"Armageddon Time" fell in line with a string of socially conscious films that had recently piqued Strong's interest. During the pandemic, Strong began to reconsider the types of roles he was drawn to. As he told the SAG-AFTRA Foundation, "I think [the pandemic] has made everyone sort of take stock of what matters to them and what's essential — and certainly for me, it's made think about what kind of stories I want to be part of and what kind of stories I want to serve." Some of the projects he said he's proud to have worked on include "Selma," "Detroit," and "The Trial of the Chicago 7."

Leaving behind Kendell Roy was 'like a death' for the actor

For Jeremy Strong, who had given everything to his portrayal of Kendall Roy, the end of "Succession" wasn't an easy loss to bear. After all, he had always treated his character as a real, living, breathing person. In early 2023, ahead of the series finale, Strong told GQ that saying goodbye to Kendall "will feel like a death, in a way."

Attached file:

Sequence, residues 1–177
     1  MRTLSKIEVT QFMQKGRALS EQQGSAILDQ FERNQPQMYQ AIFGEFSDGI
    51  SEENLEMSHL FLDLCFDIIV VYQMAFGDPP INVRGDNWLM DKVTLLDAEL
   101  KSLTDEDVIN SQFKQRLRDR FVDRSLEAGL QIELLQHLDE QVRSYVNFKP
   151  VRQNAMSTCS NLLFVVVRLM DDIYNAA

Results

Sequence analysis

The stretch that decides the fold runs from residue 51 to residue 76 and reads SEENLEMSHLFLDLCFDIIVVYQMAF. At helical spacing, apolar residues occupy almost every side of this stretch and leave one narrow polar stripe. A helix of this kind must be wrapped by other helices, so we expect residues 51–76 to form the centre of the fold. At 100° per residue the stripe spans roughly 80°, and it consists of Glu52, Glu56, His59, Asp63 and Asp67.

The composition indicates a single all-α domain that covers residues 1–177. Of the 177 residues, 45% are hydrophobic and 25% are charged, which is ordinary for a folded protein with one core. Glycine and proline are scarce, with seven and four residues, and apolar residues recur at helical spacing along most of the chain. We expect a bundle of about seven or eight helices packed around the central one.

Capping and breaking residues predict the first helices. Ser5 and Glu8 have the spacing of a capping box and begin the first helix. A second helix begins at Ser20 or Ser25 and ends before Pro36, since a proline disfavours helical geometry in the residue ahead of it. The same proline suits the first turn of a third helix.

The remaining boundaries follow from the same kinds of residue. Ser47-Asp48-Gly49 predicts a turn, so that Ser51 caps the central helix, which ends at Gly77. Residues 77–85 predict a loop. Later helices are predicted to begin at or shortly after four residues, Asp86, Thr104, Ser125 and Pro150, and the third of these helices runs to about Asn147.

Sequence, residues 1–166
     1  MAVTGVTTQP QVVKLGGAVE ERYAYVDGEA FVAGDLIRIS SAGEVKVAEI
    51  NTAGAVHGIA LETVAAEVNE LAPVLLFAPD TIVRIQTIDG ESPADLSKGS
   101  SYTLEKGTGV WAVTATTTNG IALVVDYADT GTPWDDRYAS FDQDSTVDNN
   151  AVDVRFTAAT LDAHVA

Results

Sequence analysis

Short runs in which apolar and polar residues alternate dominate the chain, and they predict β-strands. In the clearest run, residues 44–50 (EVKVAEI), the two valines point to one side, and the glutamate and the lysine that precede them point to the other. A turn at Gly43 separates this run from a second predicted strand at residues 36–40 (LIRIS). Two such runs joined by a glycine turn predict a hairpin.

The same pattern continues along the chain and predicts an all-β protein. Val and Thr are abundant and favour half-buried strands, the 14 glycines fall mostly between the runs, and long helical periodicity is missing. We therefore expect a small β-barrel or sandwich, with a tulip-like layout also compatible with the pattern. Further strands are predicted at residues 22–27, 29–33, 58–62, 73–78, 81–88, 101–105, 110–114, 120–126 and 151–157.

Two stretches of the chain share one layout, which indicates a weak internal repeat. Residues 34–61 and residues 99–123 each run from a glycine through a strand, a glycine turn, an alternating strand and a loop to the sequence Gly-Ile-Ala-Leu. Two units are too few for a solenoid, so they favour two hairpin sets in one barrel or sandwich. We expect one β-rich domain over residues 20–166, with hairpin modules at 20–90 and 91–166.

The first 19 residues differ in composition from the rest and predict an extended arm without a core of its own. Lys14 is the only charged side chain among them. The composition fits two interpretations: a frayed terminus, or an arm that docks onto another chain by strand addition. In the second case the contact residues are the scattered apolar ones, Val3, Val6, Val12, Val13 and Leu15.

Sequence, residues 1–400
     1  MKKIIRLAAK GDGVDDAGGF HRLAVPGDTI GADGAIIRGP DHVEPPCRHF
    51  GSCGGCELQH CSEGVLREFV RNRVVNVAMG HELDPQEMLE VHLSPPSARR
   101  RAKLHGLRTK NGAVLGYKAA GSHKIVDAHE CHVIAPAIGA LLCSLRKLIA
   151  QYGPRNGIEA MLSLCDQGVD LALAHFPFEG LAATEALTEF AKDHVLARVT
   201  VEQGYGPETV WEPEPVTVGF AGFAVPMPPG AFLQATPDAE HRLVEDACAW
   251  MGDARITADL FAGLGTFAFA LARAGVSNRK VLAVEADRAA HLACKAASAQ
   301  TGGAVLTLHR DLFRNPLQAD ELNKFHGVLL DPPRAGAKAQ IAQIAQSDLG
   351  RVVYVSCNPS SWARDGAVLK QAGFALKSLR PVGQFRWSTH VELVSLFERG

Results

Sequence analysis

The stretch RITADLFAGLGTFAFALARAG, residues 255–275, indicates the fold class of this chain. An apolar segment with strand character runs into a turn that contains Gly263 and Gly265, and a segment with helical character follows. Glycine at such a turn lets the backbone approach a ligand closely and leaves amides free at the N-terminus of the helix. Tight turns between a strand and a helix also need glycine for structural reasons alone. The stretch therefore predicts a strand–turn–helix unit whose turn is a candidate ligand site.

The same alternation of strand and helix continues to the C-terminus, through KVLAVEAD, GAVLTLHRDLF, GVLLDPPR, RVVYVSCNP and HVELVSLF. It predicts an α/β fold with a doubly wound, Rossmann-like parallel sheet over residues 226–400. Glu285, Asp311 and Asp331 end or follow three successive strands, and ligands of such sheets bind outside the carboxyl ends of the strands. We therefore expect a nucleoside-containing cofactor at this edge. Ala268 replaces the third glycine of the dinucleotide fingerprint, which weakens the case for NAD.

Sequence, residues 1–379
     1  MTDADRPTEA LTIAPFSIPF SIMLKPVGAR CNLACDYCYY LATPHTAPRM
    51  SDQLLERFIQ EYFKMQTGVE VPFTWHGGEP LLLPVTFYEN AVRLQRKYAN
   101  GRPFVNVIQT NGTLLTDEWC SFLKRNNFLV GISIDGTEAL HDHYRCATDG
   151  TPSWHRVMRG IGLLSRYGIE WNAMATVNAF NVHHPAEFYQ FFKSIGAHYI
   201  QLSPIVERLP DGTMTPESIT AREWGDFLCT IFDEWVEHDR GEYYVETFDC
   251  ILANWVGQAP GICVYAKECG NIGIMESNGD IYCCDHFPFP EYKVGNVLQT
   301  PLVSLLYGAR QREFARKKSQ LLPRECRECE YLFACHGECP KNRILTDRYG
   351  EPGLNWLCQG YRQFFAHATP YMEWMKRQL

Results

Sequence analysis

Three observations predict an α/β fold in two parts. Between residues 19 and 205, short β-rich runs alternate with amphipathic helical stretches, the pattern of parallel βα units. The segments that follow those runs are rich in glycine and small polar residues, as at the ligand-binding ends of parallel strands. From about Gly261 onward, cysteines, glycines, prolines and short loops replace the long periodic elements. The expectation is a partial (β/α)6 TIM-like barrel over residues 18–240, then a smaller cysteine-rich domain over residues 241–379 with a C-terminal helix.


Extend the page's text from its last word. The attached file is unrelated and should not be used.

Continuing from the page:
After the finale aired, this turned out to be true. Strong spoke to Vanity Fair about moving on from the character. "It was hard for me to watch last night, what he goes through, because he's become very real to me, and in a way is indistinguishable from myself," he confessed. "This, to me, was a life and death thing. And I took it as seriously as I take my own life." His whole world, he said, revolved around Kendall. "But then when it's over, it's, it's like vapor," he explained.

It's clear that Strong will be mourning the loss of Kendall for years to come — and to be honest, so will we.